For those who are also learning just now (in adulthood) the difference between pity, sympathy, empathy, and compassion.
Growing up, I didn’t know the difference between these four things I assumed were synonyms. Though I was always a writer and confident in my ability to spell words correctly and suss out definitions through context, I wasn’t able to identify the differences between pity, sympathy, empathy, and compassion. Instead, I lumped them all together and used them interchangeably.
I wasn’t taught empathy, at no fault of my parents’. It wasn’t a conversation in our house: what other people were feeling or why they were feeling those emotions. Because of my lack of empathy education, I often judged others without realizing I was doing it, simply because I thought there was only right or wrong. We didn’t talk about feelings. Conversations weren’t lead with phrases like, “When you did this, it made me feel this.” It just didn’t happen. I was taught to be kind, generous, and thoughtful but I seldom thought about the reasons people felt the way they did. I soon understood because I wasn’t educated on empathy from the start, I was missing out.
In my adult life, I’ve done a lot of internal, emotional work and consequently, I’ve put a great emphasis on becoming better at empathy. It’s a constant, perpetual education and every day I’m acquiring more tools at my disposal to lead with peoples’ emotions instead of with ignorant judgments.
Here are the five lessons about empathy I wish I’d learned years ago:
Talking About Our Feelings Helps Us Imagine How Others Feel.
The key to having empathy—to being able to put myself in someone else’s shoes—is to get more vulnerable with my own emotions. Being cognizant of feelings has provided more understanding of why I do the things I do and why I react in the manner that I do. Getting more in touch with my emotions has undoubtedly aided me empathizing better with others.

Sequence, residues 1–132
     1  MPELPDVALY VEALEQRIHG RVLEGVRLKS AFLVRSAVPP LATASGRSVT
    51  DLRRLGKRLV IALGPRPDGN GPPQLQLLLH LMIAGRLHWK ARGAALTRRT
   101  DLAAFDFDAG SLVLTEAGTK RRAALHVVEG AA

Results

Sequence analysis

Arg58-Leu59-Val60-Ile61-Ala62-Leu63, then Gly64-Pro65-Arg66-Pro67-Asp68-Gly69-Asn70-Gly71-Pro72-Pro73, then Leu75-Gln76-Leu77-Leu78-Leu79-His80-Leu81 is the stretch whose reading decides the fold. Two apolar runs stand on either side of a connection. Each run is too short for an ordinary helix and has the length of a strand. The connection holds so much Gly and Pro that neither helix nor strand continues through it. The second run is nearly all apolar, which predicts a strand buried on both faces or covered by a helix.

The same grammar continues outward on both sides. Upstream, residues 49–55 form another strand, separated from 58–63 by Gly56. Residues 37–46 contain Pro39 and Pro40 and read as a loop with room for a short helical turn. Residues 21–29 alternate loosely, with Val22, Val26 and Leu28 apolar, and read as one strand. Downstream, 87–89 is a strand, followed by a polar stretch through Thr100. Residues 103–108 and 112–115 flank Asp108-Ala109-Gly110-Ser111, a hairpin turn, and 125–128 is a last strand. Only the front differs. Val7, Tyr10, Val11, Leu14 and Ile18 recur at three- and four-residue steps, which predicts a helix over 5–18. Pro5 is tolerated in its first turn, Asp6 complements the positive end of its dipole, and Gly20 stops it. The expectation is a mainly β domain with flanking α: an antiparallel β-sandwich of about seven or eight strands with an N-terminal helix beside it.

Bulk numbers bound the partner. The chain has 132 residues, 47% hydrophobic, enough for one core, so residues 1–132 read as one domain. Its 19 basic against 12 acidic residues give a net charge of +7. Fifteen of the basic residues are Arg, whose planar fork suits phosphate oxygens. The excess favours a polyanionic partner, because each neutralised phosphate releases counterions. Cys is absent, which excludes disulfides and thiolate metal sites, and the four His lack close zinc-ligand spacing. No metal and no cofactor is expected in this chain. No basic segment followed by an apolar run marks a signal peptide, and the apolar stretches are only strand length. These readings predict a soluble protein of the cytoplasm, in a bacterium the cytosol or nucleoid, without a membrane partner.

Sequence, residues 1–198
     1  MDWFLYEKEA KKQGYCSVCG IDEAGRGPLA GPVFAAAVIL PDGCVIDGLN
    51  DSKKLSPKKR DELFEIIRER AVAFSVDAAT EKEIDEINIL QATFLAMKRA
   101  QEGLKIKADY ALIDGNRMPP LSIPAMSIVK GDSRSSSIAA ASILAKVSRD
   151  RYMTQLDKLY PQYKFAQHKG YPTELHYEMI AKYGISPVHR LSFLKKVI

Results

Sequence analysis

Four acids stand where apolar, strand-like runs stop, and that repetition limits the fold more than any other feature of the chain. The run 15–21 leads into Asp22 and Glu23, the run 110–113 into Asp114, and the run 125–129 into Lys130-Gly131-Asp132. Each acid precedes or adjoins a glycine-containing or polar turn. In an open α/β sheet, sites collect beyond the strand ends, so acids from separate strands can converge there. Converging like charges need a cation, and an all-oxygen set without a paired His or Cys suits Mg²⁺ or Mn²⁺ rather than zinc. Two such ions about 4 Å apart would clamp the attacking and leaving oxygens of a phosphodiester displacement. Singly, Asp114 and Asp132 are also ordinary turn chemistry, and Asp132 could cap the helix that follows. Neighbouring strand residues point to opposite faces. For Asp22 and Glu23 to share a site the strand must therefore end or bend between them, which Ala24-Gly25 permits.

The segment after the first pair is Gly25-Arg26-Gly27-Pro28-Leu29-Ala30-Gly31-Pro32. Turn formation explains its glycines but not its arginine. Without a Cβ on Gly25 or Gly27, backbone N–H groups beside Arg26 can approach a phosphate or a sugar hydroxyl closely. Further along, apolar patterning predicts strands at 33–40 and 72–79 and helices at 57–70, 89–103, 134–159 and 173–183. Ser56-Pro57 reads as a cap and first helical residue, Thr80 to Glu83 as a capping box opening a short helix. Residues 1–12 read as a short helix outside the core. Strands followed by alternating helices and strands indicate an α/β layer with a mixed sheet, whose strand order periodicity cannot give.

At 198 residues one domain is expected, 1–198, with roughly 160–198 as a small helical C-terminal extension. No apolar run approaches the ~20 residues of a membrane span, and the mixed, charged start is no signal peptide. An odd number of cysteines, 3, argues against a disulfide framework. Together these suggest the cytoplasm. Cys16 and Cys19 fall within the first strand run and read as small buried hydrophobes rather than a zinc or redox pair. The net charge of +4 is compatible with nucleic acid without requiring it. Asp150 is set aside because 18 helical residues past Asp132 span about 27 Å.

Everyone Speaks a Love Language.
You’ve heard of the five Love Languages: words of affirmation, quality time, receiving gifts, acts of service, and physical touch. Everyone speaks either one of these or a combination and it’s important to understand that not everyone’s way of receiving or giving love is necessarily the same. Understanding other peoples’ Love Languages and how they use them will help put their actions into perspective.
Envisioning Others’ Perspectives Prevents Judgment.
Leading with judgment is to be walking blind. If instead you lead with envisioning others’ perspectives while hearing their stories, it prevents you from making an unfair assumption about their choices or life.
Consider Physical Cues.
Registering peoples’ physical cues can aid in painting a picture for what’s going on inside. (Not always, but sometimes, it can be beneficial.) I grew up believing I could have what I was feeling—an emotion like disgust or repulsion—written all over my face, then lie about the dress my mother was holding up, agreeing that yes, despite my expression, I really did like it.
Anger Is Often a Mask.
Are you actually feeling anger? A lot of times as I’ve gotten older, I’ve realized that though I would explain my emotions as “angry” or “irate,” I was in fact feeling something more complex—like confusion, vulnerability, or rejection. Yet I masked it with a more socially acceptable response. Oftentimes in our culture, it’s more conceivable to feel anger than it is to feel vulnerable. Really be vigilant about assessing your own feelings for what they truly are and empathy will eventually become more intuitive to practice.
What has your experience with empathy been like? Share it below!